Termination rights are also often addressed in the employment contract. Information on termination includes non-compete clauses, which dictate if an employee can work for a business’s competitors upon being terminated. They also detail how confidential information is handled upon an employee’s termination.
4. Difference Between Employment Contracts and Service Agreements
All employees and employers need to understand that a service agreement is not the same thing as an employment contract. The biggest difference is the service agreement is not used for employees. Instead, it’s for independent contractors and other service providers. The service agreement is a contract that covers a specific project. It is set for a certain length of time. Employment contracts are only used to hire actual employees of the business.
With that being said, it’s also important for employees and employers to understand the difference between an employee and an independent contractor. Employees are considered “employed” workers, while independent contractors are considered “self-employed” people.
Employees and contract workers are treated differently under the law. Their employers often give employees certain rights, but independent contractors, as self-employed individuals, are not guaranteed such rights. It is not always straightforward to determine which group an individual belongs to. In disagreements, courts will establish the proper category based on a variety of considerations.
Some of those considerations courts look at are:
- Where is the job being performed, such as on the business premises or at a different location?
- Are progress reports required?
- Who controls the project?
- Who provides the tools for the job?
- What skills are needed to perform the job?
- Does the hired person have control over when they work and for how long?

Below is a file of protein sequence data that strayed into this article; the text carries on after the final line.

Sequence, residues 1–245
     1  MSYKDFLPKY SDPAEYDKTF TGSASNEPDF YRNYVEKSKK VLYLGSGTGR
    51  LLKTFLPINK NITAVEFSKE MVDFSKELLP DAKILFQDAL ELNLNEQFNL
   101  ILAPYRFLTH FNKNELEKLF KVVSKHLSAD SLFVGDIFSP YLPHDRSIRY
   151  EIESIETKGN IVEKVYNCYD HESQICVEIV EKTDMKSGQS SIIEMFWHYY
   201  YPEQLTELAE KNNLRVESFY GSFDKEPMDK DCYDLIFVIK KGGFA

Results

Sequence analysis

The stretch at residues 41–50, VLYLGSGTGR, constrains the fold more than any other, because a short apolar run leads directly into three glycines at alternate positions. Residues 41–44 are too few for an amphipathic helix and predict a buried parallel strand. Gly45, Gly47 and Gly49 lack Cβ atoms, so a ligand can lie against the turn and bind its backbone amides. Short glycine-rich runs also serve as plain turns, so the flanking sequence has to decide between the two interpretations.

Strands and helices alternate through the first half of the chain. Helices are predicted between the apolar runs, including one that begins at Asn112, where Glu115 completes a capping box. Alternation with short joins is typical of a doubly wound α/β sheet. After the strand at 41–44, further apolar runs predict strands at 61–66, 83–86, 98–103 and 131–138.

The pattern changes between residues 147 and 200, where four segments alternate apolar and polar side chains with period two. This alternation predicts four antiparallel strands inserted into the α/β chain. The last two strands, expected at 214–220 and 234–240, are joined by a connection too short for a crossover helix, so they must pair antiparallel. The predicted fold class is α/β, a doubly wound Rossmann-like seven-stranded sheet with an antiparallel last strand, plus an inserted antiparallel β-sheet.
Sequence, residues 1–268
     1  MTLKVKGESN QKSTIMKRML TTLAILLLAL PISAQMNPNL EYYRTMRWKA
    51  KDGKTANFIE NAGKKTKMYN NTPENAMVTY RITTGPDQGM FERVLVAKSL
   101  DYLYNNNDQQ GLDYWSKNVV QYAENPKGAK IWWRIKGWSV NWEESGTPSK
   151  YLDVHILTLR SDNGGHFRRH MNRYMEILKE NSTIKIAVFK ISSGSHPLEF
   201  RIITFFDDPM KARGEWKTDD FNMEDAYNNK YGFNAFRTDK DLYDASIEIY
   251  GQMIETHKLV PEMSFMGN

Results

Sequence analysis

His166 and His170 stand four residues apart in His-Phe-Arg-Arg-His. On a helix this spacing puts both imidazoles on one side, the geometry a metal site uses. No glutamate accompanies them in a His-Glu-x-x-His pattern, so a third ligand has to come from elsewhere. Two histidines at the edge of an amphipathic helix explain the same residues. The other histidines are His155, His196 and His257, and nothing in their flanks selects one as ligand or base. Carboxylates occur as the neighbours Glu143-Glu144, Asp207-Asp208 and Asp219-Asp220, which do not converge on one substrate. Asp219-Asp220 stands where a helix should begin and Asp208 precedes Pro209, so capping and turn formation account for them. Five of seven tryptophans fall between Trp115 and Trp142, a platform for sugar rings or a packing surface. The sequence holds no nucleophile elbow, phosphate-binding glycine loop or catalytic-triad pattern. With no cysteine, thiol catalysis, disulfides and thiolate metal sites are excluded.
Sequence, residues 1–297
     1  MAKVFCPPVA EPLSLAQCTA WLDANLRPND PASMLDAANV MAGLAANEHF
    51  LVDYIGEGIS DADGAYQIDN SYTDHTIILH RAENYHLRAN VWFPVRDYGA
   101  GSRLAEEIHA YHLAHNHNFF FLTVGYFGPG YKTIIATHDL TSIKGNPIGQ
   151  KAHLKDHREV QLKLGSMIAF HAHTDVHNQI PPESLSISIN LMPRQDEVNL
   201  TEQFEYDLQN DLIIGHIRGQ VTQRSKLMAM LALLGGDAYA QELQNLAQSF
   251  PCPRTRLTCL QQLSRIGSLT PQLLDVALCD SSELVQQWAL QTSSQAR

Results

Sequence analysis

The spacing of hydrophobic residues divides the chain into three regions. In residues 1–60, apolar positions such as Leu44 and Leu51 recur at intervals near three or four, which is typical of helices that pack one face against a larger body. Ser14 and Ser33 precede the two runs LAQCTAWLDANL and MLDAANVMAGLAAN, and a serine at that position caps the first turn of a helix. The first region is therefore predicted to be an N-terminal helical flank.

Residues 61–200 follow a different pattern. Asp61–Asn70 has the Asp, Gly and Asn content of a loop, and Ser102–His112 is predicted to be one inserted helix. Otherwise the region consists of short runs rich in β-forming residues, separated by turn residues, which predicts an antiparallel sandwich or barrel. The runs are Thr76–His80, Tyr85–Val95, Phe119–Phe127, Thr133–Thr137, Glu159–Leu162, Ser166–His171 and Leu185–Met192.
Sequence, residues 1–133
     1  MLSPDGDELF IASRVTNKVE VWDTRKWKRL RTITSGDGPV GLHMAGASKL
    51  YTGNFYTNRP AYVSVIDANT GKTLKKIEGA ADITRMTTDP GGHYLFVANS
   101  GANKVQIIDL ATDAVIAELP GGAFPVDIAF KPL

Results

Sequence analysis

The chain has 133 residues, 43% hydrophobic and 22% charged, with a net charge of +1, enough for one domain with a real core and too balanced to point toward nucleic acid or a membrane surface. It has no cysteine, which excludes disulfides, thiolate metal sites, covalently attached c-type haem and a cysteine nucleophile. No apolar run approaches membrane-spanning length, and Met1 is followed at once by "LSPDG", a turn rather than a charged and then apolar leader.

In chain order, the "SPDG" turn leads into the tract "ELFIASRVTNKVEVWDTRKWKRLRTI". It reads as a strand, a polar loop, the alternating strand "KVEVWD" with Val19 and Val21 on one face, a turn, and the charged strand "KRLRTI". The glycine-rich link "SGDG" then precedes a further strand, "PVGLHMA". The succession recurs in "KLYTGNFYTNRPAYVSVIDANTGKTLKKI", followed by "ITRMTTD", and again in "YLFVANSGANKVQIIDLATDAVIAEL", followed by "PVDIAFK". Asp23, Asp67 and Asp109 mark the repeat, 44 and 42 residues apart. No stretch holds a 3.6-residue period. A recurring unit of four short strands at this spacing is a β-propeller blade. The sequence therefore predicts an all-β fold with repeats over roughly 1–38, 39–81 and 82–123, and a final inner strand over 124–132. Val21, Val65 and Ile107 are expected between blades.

- Are insurance or other benefits given to the person hired for the job?
5. Understanding the Probationary Period
A probationary period is a specific time period following the employee’s start date during which any party may cancel the agreement. Termination without notice or compensation is permitted in some jurisdictions. However, wages are still owed to the employee for any hours already worked.
Numerous businesses need employees to satisfactorily complete a probationary period prior to being offered longer-term employment.
6. Is Notice Required Before Terminating Employees?
The objective of notice is to provide an opportunity for the employee to seek alternative employment or for the company to recruit a replacement employee. In most jurisdictions, employers are required by law to provide workers with notice, also known as pay in lieu of notice, prior to terminating employment.
Employers may dismiss an employee without notice in certain instances, provided that there is adequate “cause.” In most countries, if an employee’s employment is terminated for a reason, the employer is not required to offer notice or compensation in lieu of notice. However, the employer is responsible for appropriately communicating the cause for termination at the time of termination. The employer may be required to provide adequate grounds for termination before a court.